The United States says the joint exercises pose no new threat, but deeper ties between the rival states will be “monitored.”
Naval forces from China, Iran and Russia are organizing joint exercises in the Gulf of Oman this week, Beijing said, amid heightened tensions with the United States.
“This exercise will help deepen practical cooperation between the navies of the participating countries… and bring positive energy to regional peace and stability,” China’s Ministry of National Defense said in a statement on Wednesday.
It added that other countries are also participating in the “Security Bond-2023” exercises, without providing details.
Iran, Pakistan, Oman, and the United Arab Emirates all have coastlines along the Gulf of Oman, which sits at the mouth of the strategic Persian Gulf.
Beijing sent the guided missile destroyer Nanning to participate in the exercises aimed at sea search and rescue and other non-combat missions. China maintains its only foreign military base, complete with a naval pier, in Djibouti, a country in the Horn of Africa, across the Gulf of Oman.
The exercises scheduled for Wednesday through Sunday come amid heightened tensions between the US and China over a range of issues, including China’s refusal to criticize Moscow for its invasion of Ukraine and continued support for the Russian economy .
US National Security Council spokesman John Kirby said the White House was not concerned about the joint training exercise as it was not the first time the Russians and Chinese had trained together.
“We are going to look into it, we will of course monitor it to make sure this training exercise does not pose a threat to our national security interests or those of our allies and partners in the region,” Kirby said on CNN. .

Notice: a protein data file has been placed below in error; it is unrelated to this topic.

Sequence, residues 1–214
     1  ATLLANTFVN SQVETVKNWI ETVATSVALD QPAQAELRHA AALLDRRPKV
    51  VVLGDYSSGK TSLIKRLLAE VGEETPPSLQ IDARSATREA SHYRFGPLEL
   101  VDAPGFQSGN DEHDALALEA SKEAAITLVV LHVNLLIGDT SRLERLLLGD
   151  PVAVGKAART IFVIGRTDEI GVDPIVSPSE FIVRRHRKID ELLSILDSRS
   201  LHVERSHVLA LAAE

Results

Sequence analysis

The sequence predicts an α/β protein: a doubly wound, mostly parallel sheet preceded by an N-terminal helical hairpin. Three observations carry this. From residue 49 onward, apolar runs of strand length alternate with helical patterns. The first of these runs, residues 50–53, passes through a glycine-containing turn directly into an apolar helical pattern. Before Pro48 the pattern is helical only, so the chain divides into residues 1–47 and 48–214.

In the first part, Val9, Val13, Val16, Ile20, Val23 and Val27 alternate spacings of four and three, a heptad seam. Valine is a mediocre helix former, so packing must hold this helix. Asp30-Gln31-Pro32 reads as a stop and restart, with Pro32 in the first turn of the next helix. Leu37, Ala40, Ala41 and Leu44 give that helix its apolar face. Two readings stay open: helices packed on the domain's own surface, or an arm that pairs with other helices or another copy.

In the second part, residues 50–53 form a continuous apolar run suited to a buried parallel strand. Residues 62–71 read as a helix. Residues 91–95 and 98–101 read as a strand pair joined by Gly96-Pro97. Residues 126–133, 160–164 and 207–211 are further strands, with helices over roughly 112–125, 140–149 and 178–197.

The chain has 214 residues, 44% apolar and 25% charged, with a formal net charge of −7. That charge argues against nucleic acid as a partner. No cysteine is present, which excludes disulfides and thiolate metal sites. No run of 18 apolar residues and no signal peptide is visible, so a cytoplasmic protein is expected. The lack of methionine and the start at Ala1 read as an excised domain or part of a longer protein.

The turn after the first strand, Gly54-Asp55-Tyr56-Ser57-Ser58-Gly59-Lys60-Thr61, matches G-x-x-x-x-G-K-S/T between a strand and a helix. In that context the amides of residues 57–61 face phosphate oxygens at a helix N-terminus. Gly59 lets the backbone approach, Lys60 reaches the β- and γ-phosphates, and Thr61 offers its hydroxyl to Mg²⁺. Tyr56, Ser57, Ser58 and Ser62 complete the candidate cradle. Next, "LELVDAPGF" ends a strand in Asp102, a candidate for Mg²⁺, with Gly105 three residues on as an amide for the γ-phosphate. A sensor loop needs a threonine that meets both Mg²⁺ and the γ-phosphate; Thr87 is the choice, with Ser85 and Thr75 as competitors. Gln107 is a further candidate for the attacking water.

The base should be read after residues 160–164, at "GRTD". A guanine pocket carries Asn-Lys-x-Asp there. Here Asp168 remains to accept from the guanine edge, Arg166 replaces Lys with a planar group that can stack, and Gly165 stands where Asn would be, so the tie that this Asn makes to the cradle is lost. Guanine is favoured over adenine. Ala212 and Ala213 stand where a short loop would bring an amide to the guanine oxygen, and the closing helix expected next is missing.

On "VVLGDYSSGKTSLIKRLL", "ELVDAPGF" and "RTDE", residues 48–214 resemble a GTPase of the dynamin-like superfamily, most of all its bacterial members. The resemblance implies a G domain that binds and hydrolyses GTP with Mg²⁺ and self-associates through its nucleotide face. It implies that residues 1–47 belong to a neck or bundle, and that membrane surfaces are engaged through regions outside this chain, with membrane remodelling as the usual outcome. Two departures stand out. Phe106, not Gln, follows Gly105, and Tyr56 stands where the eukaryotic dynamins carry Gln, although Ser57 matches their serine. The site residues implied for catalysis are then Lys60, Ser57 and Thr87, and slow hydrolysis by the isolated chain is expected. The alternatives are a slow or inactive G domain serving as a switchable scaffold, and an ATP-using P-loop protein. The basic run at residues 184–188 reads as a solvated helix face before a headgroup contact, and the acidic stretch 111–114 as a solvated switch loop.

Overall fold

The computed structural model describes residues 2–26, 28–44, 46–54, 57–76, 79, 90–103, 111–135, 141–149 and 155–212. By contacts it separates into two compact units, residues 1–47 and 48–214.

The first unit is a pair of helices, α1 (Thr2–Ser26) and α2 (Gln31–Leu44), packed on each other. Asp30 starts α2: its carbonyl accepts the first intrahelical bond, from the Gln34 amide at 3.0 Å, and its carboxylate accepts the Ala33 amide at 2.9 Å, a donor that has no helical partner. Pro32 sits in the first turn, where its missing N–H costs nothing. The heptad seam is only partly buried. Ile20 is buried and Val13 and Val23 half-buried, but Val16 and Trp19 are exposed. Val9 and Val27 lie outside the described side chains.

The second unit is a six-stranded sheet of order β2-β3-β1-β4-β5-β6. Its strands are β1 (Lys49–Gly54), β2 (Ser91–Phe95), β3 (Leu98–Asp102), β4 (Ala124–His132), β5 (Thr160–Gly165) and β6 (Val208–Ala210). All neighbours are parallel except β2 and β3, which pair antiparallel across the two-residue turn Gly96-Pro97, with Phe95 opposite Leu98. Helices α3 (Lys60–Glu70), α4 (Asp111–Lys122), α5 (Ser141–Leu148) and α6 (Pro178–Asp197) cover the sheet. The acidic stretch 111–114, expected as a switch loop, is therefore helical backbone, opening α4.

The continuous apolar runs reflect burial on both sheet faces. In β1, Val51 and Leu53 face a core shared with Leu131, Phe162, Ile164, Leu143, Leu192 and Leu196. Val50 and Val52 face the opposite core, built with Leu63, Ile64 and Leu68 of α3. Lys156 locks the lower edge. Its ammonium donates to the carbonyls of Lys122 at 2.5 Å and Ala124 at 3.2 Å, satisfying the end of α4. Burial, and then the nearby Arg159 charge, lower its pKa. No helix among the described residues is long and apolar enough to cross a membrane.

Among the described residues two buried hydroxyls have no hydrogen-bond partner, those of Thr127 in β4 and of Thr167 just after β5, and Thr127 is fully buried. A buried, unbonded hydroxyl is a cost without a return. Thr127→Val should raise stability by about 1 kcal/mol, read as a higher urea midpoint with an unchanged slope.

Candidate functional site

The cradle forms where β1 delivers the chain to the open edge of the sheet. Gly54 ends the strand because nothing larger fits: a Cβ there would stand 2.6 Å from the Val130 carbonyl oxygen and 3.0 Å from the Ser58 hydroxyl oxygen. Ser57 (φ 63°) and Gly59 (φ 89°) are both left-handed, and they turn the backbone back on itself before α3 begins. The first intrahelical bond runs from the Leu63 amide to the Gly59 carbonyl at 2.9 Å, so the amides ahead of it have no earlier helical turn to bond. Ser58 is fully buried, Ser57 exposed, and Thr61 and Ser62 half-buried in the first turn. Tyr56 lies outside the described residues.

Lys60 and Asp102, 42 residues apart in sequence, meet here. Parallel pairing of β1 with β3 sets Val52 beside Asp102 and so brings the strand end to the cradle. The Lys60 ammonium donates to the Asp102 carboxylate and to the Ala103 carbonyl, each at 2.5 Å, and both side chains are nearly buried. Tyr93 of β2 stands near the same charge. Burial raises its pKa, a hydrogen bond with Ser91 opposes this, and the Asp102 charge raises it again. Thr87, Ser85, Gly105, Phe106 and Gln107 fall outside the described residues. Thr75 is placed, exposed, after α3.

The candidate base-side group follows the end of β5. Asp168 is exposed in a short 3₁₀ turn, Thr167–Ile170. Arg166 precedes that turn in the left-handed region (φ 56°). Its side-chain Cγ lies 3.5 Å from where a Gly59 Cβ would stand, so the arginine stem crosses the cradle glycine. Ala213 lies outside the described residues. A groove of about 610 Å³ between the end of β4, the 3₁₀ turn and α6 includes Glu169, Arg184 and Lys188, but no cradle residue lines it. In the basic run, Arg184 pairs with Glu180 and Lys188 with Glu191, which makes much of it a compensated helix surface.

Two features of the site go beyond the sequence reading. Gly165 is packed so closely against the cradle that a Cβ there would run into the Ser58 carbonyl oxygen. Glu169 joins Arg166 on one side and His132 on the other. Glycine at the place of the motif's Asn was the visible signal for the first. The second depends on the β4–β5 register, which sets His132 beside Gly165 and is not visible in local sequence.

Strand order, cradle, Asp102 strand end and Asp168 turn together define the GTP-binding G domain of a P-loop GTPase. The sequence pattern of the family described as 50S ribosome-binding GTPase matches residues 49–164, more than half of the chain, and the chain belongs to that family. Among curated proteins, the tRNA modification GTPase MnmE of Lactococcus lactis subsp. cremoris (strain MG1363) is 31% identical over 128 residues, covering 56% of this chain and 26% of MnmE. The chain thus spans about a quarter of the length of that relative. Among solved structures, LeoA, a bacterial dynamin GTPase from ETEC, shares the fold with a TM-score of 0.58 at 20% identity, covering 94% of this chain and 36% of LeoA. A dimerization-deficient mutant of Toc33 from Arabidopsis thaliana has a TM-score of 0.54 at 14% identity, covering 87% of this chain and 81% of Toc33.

“But nations train. We do it all the time. We will look after it as closely as possible.”
The three countries held similar exercises last year and in 2019, underlining China’s growing military and political ties to nations largely shunned by the US and its partners.
The US and its allies have condemned Russia’s invasion of Ukraine, imposed economic sanctions on Russia and supplied defensive weapons to Ukraine, while China’s closer ties with Moscow raised questions about its possible willingness to provide military aid to Russian President Vladimir Putin.
Iran and the US have been adversaries since the establishment of the Islamic Republic in 1979 and the hostage-taking of US diplomats.
Last week, China hosted talks between Iran and its main Middle Eastern rival, Saudi Arabia, which resulted in an agreement between them on Friday to restore full diplomatic relations after seven years of tensions.
While the US and Saudi Arabia have long had military and political ties, relations have been frayed by the 2018 assassination of US-based journalist Jamal Khashoggi, a critic of the kingdom’s leadership, and production cuts by the OPEC+ oil cartel , which the government said helped Russia.
China’s host of the recent Iran-Saudi talks placed it in the unusual role of a mediator in regional conflicts, a role Beijing seems eager to cash in on.